Heather shoved her chair back, rose, and clamped her palms to her hips. "Is anybody home? I’m not pregnant! Christopher lives down in Albuquerque at the Labs. You get it?" She yanked at her ponytail, glared at her father-in-law, mother-in-law, and husband—then sat and hopped her chair close to the table again.
            "Embarrassing me feels good, does it? Got any more dirty laundry to spread?" The belly muscles that Christopher worked hard to sculpt at Jan & Gerry’s Gym clenched.
            No one spoke until finally Christopher said, "Looks like I’m up for promotion."
            "Oh, Chrisy!" Sissy closed her glossed lips, opened them, and closed them as her hand flew to one of her small breasts.
            "Good for you, Chris," Bill said. "What’s the assignment? Years ago I helped Silidyne draw up an agreement with your Cholla Labs to develop a computer ten times faster than anything our country had."
            Christopher raked fingertips through his crew cut. "I’m moving out of radioactive-dispersal-device identification—"
            "Out of what, Chrisy?"
            "Dirty bombs, Mother. I’ve told you before. Mixing conventional explosives with nuclear wastes can poison a whole neighborhood. The only cleanup possible is to bulldoze everything in sight. Those babies fit in a suitcase."
            "You know I try to forget whatever you tell me about terrorism as fast as I can, Chrisy. My heart won’t take it."
            "You better thank God for people like me, Mother. At the end of the month the Labs are moving me to the International Advisory Center half a mile away. Section Two Manager running a team of eight."
            "Doing what, son? God blast it, I’m hungry. Sis! Can’t you and Heather get that chicken going?"
            "In a moment. I want to hear the news."
            Christopher snorted.
            "You and my parents want grandchildren," Heather blurted, "and now your son may end up in Iraq."
            Christopher twisted to face her. "What I said was that the IAC—"
            "The what, Chrisy?"
            "The International Advisory Center launched a branch in Lebanon in the late nineties. Now we’re thinking we can rebuild elements of Iraq’s science infrastructure from there. It doesn’t mean I’ll have to go over—we can do a lot by satellite."
            "Such as what, Chris?"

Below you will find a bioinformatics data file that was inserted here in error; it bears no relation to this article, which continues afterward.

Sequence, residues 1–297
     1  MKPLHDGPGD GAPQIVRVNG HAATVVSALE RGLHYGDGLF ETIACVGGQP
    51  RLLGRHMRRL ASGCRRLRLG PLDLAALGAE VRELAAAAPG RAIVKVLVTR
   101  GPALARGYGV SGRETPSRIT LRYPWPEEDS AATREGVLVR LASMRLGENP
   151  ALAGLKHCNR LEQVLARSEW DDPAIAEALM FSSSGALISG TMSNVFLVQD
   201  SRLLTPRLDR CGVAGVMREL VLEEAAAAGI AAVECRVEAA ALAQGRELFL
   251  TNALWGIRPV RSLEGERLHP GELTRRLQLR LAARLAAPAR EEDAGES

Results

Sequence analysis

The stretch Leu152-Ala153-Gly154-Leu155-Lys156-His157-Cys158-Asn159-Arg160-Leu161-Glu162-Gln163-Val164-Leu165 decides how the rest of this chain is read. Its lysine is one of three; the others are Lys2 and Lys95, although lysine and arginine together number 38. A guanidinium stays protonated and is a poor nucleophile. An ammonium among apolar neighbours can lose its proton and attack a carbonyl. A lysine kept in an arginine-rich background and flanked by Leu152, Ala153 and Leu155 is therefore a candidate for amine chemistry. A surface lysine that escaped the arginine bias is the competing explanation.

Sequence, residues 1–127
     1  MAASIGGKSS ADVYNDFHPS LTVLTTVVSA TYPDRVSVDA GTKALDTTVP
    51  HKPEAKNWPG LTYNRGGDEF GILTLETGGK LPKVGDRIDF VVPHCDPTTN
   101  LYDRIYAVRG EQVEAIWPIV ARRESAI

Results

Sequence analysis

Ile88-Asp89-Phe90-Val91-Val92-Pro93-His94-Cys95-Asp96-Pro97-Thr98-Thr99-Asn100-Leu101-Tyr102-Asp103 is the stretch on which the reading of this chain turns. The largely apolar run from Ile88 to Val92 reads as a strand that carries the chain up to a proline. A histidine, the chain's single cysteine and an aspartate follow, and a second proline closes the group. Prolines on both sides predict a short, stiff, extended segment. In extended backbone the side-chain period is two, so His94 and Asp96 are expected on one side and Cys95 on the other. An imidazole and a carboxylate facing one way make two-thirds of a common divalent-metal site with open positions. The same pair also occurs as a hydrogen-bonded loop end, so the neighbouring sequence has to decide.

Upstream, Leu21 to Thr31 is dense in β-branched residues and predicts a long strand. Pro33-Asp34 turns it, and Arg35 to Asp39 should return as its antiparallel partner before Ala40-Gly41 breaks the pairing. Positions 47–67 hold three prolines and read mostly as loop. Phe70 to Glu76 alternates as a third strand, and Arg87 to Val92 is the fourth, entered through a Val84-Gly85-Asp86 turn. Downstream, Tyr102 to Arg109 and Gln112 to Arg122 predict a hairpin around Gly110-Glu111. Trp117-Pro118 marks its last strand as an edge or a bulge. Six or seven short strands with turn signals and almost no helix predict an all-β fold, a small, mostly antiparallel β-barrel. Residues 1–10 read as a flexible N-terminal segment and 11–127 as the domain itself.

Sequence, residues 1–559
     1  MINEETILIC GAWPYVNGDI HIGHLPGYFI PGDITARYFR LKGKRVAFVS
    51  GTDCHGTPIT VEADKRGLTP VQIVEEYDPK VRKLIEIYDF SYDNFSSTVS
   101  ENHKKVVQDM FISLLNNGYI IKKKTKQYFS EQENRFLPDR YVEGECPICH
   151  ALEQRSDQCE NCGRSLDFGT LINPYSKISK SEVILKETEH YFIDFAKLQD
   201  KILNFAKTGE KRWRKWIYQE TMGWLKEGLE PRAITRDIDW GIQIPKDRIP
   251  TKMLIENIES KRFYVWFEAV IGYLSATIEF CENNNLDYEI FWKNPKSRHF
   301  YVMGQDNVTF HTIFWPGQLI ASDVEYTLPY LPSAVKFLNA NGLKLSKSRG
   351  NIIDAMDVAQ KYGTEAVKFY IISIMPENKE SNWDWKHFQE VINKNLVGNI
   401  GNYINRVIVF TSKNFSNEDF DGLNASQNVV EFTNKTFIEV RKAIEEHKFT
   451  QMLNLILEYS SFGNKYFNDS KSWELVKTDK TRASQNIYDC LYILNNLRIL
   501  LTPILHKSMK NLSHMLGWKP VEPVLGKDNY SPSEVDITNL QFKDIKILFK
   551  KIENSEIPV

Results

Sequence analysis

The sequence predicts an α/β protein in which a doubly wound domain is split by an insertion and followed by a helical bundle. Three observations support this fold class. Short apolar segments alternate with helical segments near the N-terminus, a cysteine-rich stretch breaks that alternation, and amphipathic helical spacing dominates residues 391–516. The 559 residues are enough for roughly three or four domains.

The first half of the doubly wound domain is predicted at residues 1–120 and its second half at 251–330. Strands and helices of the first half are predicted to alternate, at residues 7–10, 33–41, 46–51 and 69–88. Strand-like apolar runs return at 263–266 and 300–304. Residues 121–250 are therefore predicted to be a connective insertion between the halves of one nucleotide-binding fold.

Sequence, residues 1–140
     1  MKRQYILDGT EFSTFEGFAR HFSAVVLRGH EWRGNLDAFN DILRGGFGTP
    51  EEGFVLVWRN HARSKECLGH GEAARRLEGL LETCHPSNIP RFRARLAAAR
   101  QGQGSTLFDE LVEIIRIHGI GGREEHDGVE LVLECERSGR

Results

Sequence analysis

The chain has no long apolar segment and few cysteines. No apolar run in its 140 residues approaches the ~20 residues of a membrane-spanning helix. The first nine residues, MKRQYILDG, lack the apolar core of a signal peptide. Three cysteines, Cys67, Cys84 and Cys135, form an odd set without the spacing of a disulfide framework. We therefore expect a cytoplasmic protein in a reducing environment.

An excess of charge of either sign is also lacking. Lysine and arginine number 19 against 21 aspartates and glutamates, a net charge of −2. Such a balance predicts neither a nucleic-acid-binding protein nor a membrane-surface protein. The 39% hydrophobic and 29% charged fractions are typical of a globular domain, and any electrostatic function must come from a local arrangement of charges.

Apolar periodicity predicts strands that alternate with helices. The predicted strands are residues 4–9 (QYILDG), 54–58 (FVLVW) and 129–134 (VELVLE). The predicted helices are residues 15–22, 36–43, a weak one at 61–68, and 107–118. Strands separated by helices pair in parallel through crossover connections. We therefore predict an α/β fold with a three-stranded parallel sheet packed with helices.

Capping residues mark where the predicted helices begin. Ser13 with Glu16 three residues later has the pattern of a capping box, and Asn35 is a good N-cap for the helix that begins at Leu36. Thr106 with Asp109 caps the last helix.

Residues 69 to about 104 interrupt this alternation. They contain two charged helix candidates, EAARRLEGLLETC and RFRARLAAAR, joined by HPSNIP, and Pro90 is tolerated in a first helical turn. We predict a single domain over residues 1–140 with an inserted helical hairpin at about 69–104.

"Nonproliferation technology training, beefing up our monitoring capabilities. Look, I’ve already said too much."
            "We’re grateful you’re doing what you can to keep the nukes from spreading, son. Though I doubt this conference coming up at the UN is going to see much happen except whoring and drinking. And who gives a rat’s ass? If contamination from Los Alamos doesn’t do us in, something’s going to. How about global warming? Bioterrorism. Cyberterrorism. Collision with an asteroid. An accelerator-generated shower of quarks that turns all the atoms in the universe into strange matter."
            "Billy, please, not again, not just before Mother’s Day."
            "I can’t wait until retiring at the end of the year to move out here, focus on roses."
            "We know, Bill. Chrisy, you come help me, come along." Grasping his hand, Sissy pushed down on the chair's wicker arm, stood, and wavered. "This altitude unsteadies me."
            "Are you all right?" asked Heather.
            "If I stand still a moment. You stay with Bill. I need to speak to Christopher alone. With the new convection oven my thoughtful husband gave me, we’ll be able to ring the dinner bell by six. Chrisy, wipe the dust off the dining table first, will you?"
            Taller by half a head, Christopher followed his mother inside.
            Bill rose to shut the slider, then walked back over the sandstone flags. He leaned down beside a columbine’s fireworks to take Heather’s shoulders and look into her eyes. "It’s Chris who’s more on edge than you, isn’t it, kiddo?" His manicured fingertips dimpled her boa.
            Get away from me, she cried in silence. She inhaled the fetid sweetness of the petit corona he must have smoked before she and Christopher arrived at four. His razored cheeks with their capillary maps jiggled a foot from her.
            "Don’t let him get to you. The poor sap doesn’t know how lucky he is to share your bed. But we gotta figure how to get him into it more." His smile raised the hairs at the end of his mustache. He straightened, thrust his elbows behind him hoping to shake the ants from between his shoulder blades, and sat facing her.
            She shuddered.
            "Cold, are you? Brief me on what you’re up to careerwise before we join them. Chris says last year Genesure paid you close to eighty grand; he’s proud of you, kiddo. Me, too."
            Hearing footsteps on the path, Bill turned to see Armando planting his forearms on the back-patio’s faux-adobe wall. Its joints were whitening because Tony had neglected to veil its cement blocks in wire before stuccoing.
            The distant windows of Kullman College's tower and dorms glittered like mirrors behind Armando's face. He twisted his cap around and down over his forehead, and plucked the cigarette from his lips. "Very good news, Señor Bill. Enrique Baca was on his way to a job nearby. He has come here instead. With rose-colored gravel. He and I will load some of the gray into my truck now. A backhoe will come up Monday to load the rest. No extra charge. Okay by you?"